Hardware is playing a bigger and bigger part in a planned web services modeling framework from Microsoft Corp [MSFT] in a step towards fulfilling the company’s Dynamic Systems Initiative (DSI) and distinguishing it from rivals.
The next planned edition of Visual Studio.NET will feature a software modeling framework and engine codenamed Whitehorse for the drag-and-drop creation of web services, a feature called the Web Service Designer.
Whitehorse will then link code created in the Web Service Designer to a set of XML-based files, System Definition Model (SDM) files, that contain data about the PCs and servers where a web service is to be deployed.
Microsoft believes this feature, called Logic Infrastructure, will distinguish Whitehorse from other application and web service modeling frameworks and tools it believes lack this link between design and operations.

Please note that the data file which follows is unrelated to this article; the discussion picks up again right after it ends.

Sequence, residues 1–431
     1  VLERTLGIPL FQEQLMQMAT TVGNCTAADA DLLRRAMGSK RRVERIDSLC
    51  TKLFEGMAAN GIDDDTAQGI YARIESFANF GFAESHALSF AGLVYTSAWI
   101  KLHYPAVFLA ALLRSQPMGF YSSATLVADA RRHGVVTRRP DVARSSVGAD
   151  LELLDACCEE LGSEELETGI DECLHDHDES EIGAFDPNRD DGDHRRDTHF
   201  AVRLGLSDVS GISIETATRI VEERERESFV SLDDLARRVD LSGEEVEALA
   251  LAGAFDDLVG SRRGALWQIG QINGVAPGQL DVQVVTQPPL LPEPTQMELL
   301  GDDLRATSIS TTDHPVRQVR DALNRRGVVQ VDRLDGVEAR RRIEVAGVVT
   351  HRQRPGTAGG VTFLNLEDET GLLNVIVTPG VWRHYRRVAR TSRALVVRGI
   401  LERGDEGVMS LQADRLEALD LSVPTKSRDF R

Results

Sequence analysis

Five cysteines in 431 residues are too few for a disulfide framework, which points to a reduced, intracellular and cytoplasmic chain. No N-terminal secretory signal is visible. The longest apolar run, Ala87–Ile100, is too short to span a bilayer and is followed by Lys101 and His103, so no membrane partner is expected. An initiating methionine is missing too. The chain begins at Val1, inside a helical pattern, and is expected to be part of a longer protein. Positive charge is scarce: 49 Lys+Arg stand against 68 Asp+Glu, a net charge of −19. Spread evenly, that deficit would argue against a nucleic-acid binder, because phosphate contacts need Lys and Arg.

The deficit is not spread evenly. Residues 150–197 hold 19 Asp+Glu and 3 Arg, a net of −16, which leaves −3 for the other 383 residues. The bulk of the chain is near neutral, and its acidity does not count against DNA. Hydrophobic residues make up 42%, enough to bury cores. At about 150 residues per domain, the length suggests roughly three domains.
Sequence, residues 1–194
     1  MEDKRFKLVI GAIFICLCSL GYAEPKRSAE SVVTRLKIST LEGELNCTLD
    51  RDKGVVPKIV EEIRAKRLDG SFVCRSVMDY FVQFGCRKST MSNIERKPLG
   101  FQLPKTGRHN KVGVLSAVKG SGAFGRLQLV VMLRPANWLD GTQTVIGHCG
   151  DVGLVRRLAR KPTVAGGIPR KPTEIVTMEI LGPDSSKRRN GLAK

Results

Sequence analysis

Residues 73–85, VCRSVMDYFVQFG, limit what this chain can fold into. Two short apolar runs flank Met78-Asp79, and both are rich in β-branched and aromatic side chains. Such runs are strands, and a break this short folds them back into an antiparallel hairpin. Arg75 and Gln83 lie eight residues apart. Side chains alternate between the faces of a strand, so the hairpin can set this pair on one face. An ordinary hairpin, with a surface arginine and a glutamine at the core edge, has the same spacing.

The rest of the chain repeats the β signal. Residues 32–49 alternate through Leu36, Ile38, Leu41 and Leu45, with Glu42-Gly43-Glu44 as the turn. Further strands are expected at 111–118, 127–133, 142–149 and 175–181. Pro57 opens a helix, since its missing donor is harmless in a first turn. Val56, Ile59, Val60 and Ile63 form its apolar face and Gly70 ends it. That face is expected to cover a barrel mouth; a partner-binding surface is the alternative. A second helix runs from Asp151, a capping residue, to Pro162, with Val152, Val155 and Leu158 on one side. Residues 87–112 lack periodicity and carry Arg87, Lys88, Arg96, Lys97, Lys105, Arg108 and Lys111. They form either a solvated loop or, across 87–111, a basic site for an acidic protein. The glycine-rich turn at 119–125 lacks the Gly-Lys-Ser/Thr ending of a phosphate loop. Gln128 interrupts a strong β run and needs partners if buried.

Also the Logic Infrastructure will permit developers to accurately assess systems’ performance limitations. It sees Whitehorse as helping to extend DSI, the company’s take on building service on-demand (SOA) systems.
The company plans to expand use of SDM files across other products, including Microsoft’s Visio.
Whidbey is due for beta during the first half of 2004 and release to manufacturing in the second half of 2004, and the follow-up edition of Visual Studio.NET, codenamed Oracas, due the following year.
Whidbey is due before Microsoft’s Longhorn launch and the company believes developers should buy the IDE rather than wait for Orcas to get a head-start on programming for the first time using managed code. Managed code, found in Java, is inherently secure, taking care of code aspects such as threading.
Orcas will include a new UI and designers, improved security, and support for Microsoft’s new data storage model and Longhorn’s managed interfaces.
This article was based on material originally published by ComputerWire.